Let’s talk about Zhaan for a minute because GOOD GOD THAT GOT REALLY DISTURBING. I’ve noticed that these characters are never allowed to fully escape their past, and you can see this same theme pop up in Chiana’s and D’Argo’s stories here, too. Zhaan is forced to come to terms with her own biology once her lack of animal protein… Actually, let’s be real: Aeryn is forced to deal with it as well. The problem here is that it unearths Zhaan’s own natural brutality as the buds that form on her face begin to transform her own behavior. This is contrasted with Aeryn’s attempts to save Zhaan’s life and then Moya’s life. Peacekeepers are notoriously “savage,” as Zhaan says at one point. And while I think it’s totally fair to examine how Aeryn is still affected by that culture, I think this episode serves as a great reminder that she really has changed. She does whatever she can to save the lives of Zhaan, Moya, and Pilot, even when she has to make the difficult decision to depressurize Moya.

Down on the corpse (STILL NOT OVER HOW GREAT THIS IS), Chiana has to contend with her past as well, though it presents itself much more obviously. Chiana and her brother had once spent time mining nogelti crystals here, but she had to leave after stealing from someone she was close to. In this case, though, Chiana’s past can’t really come back to haunt her because she arrives and HE IS DEAD. WHOOPS. Still, she begins to clash with D’Argo, whose growing crush on her compels him to act as if he can command her to stop… well, being herself.

I get the sense that Chiana has spent a long, long time on the run, and that she’s done a lot of things out of desperation, including selling herself. At the same time, she appears to enjoy it, too, so it’s a complex issue for her. As Altana will tell D’Argo later, Chiana will do practically anything to prove her loyalty, even give up herself. But D’Argo, who hasn’t expressed his attraction towards Chiana outside of that one scene in “Picture If You Will,” can’t wrap his mind around this. So he throws himself into work to help Atlana because that’s how he knows how to “help” Chiana. I imagine that D’Argo’s own past as someone who has been in an interspecies relationship plays a part in his behavior here, though that’s really just speculation at this point. But he clearly wants more for Chiana, who might not be quite that ready to feel safe, you know? BUT KISSES. K I S S I N G.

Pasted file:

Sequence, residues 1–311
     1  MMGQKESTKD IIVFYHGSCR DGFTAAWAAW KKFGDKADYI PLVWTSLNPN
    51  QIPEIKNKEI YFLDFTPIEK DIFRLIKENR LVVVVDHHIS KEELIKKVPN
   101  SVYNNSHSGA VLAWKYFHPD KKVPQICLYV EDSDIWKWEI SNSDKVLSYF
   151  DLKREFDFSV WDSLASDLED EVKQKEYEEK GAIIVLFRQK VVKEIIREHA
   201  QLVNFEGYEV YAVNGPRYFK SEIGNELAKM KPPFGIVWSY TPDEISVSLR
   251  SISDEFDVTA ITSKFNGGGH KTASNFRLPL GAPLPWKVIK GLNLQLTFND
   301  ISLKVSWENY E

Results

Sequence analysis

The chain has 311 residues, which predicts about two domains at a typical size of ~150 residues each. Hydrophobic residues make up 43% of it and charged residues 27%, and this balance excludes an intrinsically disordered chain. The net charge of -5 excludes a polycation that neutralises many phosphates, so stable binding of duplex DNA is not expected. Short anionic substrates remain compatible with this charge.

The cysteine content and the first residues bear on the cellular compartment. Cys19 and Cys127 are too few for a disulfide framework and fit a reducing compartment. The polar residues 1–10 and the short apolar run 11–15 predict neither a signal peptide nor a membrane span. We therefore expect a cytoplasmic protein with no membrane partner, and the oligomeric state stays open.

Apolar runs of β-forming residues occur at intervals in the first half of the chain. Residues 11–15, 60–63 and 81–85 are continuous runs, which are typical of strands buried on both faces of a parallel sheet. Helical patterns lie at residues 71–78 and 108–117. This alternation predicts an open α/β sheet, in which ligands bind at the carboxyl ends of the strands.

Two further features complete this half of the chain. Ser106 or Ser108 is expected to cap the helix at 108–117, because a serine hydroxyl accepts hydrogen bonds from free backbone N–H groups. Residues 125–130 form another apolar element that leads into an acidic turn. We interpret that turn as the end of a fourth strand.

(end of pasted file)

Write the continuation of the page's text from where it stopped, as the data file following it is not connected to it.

Amidst all of this are the KEEDVA. (Go watch Attack the Block, I swear.) I think that the presence of B’Sogg is about the only thing that weighs down “Home on the Remains.” I didn’t find him all that interesting, and it seemed fairly obvious that he was controlling the keedva somehow. But the design for those creatures was so awesome! I also loved the design for the mines themselves. This show routinely takes the familiar and then twists it in uniquely disturbing ways, so practically everything about this setting gives the episode an oppressive, claustrophobic air. Really, those are the sort of things that I do enjoy about watching Farscape. I still wish there were a bit more serialization from episode-to-episode, but “Home on the Remains” is definitely a good example of the kind of contained stories this show is capable of.

The video for “Home on the Remains” can be downloaded here for $0.99.

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About Mark Oshiro

Perpetually unprepared since '09.